|Largest distance between binary stars with a circumbinary planet||FW Tauri AB b||FW Tau AB||≈11 AU|||
|Closest orbit between stars with a planet orbiting one of the stars||OGLE-2013-BLG-0341LBb||OGLE-2013-BLG-0341LB||~12-17 AU
(10 or 14 AU projected distance)
|OGLE-2013-BLG-0341L b's semi-major axis is 0.7 AU.|
|Smallest semi-major axis difference between planets||Kepler-70b and Kepler-70c||Kepler-70||0.0016 AU (about 240,000 km)||During closest approach, Kepler-70c would appear 5 times the size of the Moon in Kepler-70b's sky.|
|Smallest semi-major axis ratio between planets||Kepler-36b and Kepler-36c||Kepler-36||11%||Kepler-36b and c have semi-major axes of 0.1153 AU and 0.1283 AU respectively, c is 11% further from star than b .|
|Highest metallicity||HD 126614 Ab||HD 126614 A||+0.56 dex||Located in a triple star system.|
|Lowest metallicity||Kepler-271b,c||Kepler-271||−0.951 dex||BD+20°2457 may be the lowest metallicity planet host ([Fe/H]=−1.00), however the proposed planetary system is dynamically unstable.  The next lowest-metallicity system is Kepler-271. Planets were announced around even the extremely low metallicity stars HIP 13044 and HIP 11952, however these claims have since been disproven. |
|Highest stellar mass||HD 13189 b||HD 13189||4.5±2.5 M☉||Margin of error means the star Epsilon Tauri with a stellar mass of 2.723 M☉ is potentially the most massive known planet-harboring star.|
|Lowest stellar mass (main sequence)||TRAPPIST-1b, c, and d||TRAPPIST-1||0.08 M☉|
|Lowest stellar mass (brown dwarf)||2M J044144 b||2M J044144||0.02 M☉|
|Largest stellar radius||HD 208527 b||HD 208527||51.1 (± 8.3) R☉||Star is a red giant.|
|Smallest stellar radius (main sequence star)||Kepler-42 b||Kepler-42||0.17 (± 0.05) R☉|
|Smallest stellar radius (brown dwarf)||2M 0746+20 b||2M 0746+20||0.089 (± 0.003) R☉||Planet's mass is very uncertain at 30.0 (± 25.0) Mjup.|
|Smallest stellar radius (pulsar)||PSR J1719-1438 b||PSR J1719-1438||0.04 R☉|
|Oldest star||HD 164922 b||HD 164922||13.4 billion years|
|Hottest star with a planet||NY Virginis b||NY Virginis||33247 K||This star is a subdwarf B star and has a red dwarf companion of 0.14 solar masses with a semi-major axis of slightly under 4 million kilometers from the primary component.|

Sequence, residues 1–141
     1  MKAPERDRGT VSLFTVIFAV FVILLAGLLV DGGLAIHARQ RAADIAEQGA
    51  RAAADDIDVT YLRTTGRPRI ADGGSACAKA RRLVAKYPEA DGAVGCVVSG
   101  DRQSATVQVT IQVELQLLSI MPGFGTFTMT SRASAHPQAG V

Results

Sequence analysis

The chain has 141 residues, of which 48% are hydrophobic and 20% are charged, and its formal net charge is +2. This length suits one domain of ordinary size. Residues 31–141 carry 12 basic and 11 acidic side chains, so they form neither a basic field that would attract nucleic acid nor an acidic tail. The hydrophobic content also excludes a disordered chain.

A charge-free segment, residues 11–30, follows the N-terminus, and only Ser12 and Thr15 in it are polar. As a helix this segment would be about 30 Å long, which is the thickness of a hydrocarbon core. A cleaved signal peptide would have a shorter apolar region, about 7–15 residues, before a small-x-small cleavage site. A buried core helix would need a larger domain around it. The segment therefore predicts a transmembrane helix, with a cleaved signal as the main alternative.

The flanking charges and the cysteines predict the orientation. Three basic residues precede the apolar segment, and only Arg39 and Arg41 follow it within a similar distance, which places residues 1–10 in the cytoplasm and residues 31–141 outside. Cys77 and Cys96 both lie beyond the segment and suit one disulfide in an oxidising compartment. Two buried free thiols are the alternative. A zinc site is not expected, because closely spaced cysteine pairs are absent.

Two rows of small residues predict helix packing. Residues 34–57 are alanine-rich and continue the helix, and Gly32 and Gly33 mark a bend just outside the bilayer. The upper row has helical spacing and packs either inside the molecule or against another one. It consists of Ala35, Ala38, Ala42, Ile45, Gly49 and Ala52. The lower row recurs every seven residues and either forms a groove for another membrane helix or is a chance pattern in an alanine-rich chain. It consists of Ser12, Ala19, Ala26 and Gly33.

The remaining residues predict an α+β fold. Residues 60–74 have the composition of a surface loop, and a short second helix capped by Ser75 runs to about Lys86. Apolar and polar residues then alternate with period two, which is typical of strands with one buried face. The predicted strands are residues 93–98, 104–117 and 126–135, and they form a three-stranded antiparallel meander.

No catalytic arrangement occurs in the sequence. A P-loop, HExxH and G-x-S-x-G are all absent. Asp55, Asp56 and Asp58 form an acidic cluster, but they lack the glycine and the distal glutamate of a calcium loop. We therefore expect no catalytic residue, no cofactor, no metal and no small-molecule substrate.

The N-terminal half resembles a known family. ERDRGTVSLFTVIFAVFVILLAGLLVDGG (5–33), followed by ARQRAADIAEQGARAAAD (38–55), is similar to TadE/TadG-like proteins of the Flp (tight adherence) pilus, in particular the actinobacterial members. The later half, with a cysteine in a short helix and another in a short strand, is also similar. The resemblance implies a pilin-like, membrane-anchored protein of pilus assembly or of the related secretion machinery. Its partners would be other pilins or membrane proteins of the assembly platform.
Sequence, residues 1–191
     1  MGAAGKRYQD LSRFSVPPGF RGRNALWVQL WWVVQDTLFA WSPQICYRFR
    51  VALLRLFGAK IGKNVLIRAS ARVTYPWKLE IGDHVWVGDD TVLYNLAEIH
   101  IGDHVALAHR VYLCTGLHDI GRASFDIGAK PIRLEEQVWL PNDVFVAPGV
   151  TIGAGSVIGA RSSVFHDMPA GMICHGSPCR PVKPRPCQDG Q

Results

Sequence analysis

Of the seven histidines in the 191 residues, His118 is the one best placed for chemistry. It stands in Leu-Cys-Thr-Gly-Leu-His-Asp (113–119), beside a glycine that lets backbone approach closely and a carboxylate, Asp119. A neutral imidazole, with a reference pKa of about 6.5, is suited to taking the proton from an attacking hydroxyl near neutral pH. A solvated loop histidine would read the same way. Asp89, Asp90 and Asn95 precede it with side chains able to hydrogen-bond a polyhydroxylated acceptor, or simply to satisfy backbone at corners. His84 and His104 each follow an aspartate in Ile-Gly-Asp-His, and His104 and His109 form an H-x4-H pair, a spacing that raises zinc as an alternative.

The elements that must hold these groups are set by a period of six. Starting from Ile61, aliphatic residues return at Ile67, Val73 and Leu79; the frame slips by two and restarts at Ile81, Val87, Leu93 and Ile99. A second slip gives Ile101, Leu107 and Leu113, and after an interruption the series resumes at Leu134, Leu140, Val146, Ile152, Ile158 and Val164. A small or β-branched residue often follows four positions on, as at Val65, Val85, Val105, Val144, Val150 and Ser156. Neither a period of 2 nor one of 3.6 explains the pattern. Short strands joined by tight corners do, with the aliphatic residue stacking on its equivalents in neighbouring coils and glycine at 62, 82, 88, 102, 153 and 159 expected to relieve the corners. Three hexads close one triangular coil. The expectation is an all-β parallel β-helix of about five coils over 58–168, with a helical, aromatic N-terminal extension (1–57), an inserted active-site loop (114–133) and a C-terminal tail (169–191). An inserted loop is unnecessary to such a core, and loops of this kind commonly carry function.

|Hottest main-sequence star with a planet||Fomalhaut b||Fomalhaut||8590 K||HIP 78530 has a surface temperature of 10500K, but it is uncertain whether the orbiting companion is a brown dwarf or planet.|
|System with most (confirmed) planets||HD 10180||9||1||The planets are HD 10180b, c, ..., h. This system has 2 unconfirmed planets and more data is needed to confirm their existence.|
|System with most stars||Kepler 64||PH1b (Kepler 64b)||4||PH1 has a circumbinary orbit.|
- Extremes on Earth
- List of exoplanets
- List of stars with proplyds
- Methods of detecting exoplanets
- Terrestrial exoplanets
- NASA does not give a direct density value, however both mass and radius values are given. Using the PHL density Calculator the mass value of 445 Me and 2.5 Re were used and gave a result of 157.1 g/cm3 which was far higher than PSR J1719-1438 b's densities. However, because both these values are very much upper bound and the actual mass is likely dramatically lower, the density could be much lower or higher, as the mass is an absolute upper bound.
- NASA does not give a direct density value, however both mass and radius values are given. Using the PHL density Calculator mass value of 0–30 Me and 6.204 Re were used and gave a result of 0–0.7 g/cm which may or may not be lower than Kepler-51d's density depending on the radius of Kepler-52d and the mass of Kepler-453b. The volume of Kepler-51d may be an order of magnitude smaller, or somewhat larger, than that of Jupiter, with possible densities between 10 and about 500 grams per liter.